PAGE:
Poor suckah number one was the guy who took up mountain biking to drop some weight in maybe his early thirties. He was a pretty obsessive type and was successful in dropping some weight, getting pretty good on the MTB and finally talked me into a ride. Of course we get back from the first ride and his mouth is pretty much on the ground, not from exertion but because he can’t believe this out of shape guy was putting the hurt on him like this. I am *not* braggin’ here, I peaked out as a sort-of competitive Sport MTB racer which is no great shakes. The point, however, is partially the one raised by the great Andy Hampsten in the NYT article that efficiency means a LOT in cycling. You have to learn to put down the power on a bike in an efficient manner, using as much of the non-physiologically-correct pedal circle as possible with as many muscle groups as possible. To achieve the most efficient pedaling cadence (crank rpm). Some people are going to be better than others, of course, but there is a massive training effect. Apparently this is one of the things that leaves you last and I can still pedal circles, good on me. Efficiency demands are trebled or quadrupled when you are talking off-road riding. Where to start? Everything requires efficiency because the more time you spend slowing down/speeding up because you don’t have the technical skill burns energy. Ditto bouncing up and down because you can’t read terrain. Etc. No, this guy’s full-suspendy bike didn’t help that much.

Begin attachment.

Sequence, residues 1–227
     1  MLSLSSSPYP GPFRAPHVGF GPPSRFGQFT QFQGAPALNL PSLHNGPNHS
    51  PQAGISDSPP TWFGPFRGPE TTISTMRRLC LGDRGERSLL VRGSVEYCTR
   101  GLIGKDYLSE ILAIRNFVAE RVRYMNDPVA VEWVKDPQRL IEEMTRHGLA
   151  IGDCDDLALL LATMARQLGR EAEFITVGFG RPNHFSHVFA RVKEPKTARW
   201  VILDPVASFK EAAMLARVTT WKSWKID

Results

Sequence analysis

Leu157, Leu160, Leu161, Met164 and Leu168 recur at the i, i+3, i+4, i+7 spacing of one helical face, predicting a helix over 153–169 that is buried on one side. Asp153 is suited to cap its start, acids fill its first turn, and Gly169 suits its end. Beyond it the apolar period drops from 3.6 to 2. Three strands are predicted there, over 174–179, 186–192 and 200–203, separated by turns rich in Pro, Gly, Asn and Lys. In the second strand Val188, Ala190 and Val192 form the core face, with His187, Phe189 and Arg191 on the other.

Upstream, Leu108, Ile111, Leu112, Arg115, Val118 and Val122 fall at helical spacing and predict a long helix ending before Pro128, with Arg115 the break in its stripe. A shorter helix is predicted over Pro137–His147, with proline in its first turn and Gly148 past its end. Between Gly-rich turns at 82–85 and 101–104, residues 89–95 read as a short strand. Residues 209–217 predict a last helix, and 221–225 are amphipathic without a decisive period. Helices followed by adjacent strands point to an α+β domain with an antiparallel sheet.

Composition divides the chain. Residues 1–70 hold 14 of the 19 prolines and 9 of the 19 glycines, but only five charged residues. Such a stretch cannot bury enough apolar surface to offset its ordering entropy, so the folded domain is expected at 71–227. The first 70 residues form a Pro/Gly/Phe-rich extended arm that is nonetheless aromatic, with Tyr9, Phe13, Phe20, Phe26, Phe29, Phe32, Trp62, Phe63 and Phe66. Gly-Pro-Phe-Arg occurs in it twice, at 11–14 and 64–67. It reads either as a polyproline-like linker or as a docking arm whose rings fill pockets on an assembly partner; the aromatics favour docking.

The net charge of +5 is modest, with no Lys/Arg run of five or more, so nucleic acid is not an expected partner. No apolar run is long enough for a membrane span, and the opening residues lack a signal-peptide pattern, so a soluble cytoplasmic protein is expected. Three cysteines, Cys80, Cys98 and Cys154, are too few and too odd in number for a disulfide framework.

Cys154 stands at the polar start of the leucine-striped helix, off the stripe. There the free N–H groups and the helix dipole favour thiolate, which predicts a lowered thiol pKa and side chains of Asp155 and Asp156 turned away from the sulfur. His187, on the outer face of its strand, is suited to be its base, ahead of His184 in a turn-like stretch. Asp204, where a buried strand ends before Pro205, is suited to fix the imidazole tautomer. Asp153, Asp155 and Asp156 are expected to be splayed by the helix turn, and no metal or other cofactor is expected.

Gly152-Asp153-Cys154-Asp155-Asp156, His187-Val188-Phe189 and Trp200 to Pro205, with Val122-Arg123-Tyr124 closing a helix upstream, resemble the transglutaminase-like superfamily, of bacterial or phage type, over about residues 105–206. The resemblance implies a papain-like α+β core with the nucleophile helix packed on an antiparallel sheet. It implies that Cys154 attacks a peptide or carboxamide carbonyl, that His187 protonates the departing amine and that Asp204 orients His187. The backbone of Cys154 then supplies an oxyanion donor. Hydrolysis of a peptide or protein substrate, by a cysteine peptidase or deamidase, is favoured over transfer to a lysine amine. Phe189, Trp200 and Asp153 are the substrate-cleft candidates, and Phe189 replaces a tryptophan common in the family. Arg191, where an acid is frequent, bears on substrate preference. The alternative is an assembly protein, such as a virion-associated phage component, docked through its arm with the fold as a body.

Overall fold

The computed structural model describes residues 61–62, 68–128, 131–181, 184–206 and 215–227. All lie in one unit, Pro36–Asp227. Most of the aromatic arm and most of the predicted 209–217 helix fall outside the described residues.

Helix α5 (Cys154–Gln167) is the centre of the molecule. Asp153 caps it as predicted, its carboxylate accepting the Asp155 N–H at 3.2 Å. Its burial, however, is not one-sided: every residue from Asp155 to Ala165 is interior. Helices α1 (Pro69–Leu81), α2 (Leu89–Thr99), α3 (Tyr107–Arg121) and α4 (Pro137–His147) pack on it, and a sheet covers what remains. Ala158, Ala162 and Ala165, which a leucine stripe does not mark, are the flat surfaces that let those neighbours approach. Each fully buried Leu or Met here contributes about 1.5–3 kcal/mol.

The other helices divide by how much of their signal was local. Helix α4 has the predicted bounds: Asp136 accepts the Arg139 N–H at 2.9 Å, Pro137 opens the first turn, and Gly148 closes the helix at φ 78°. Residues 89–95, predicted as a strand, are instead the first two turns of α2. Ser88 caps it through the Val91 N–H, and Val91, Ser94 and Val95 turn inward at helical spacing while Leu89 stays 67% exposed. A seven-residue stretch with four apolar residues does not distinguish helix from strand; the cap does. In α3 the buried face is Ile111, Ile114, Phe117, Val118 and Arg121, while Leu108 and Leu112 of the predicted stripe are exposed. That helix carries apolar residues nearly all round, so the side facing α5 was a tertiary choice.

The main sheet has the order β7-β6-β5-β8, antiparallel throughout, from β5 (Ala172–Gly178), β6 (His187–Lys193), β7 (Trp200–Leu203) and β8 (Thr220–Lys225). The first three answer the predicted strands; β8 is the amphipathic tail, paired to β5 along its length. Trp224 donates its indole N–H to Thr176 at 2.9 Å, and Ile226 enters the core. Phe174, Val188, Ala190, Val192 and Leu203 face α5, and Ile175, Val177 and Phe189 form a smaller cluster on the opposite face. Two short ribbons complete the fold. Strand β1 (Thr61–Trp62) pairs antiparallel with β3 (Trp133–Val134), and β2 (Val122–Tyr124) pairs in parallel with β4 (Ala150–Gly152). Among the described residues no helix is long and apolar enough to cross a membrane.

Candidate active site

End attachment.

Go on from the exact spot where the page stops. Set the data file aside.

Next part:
Second poor suckah was the neighbor, maybe 5-8 years older than me but rail thin, works for a living (i.e., ironworker; more on my formative years with similar working but real bike guys later) and came to cycling recently to keep fit with the rec-triath-wife. I think this episode was in the middle of one of my little motivational bursts where I actually dust off a bike and go for a ride or two. So we go for a nice little jaunt and he’s just killing me on the hills, up Mt. Soledad (the easy way, more on the infamous Via Capri in later posts no doubt) and up onto Torrey Pines Mesa (home of much bioscience for the nerds out there). Then we get up on the flats and crank out to the top of Torrey Pines (the park and popular intervals hill) and come back. The guy’s been killing me on the hills so, ok, I get out front in the big and cruise it a bit. After a while the guy’s dying and I’m getting the “How is this fat guy killing me?” look again. This is one of the points that runners miss, the NYT article overlooked and has a geeky component. Uphill riding is (mostly) about power to weight ratio which we’ve heard all about in Lance’s TdF conquests of the past decade or so. The NYT article talks about heavy people descending fast but this only brushes on the real point. Until the road is really going up, cycling is about power to frontal area because the cost of cutting through the air is so high. Naturally, the relationships of weight-to-power and frontal-area-to-power in cyclists are not directly related. It is no accident that real time trialists look like BigMig and Jan Ulrich (Ob: MDMA!) and guys like Pantani and Sastre have to “limit their losses”; in the TT it is all about raw power output. And fat guys who put on a big belly are probably actually improving their aerodynamics! Anyhoo, NYT missed this and it leads us to our next topic which mystifies me a bit, physiologically.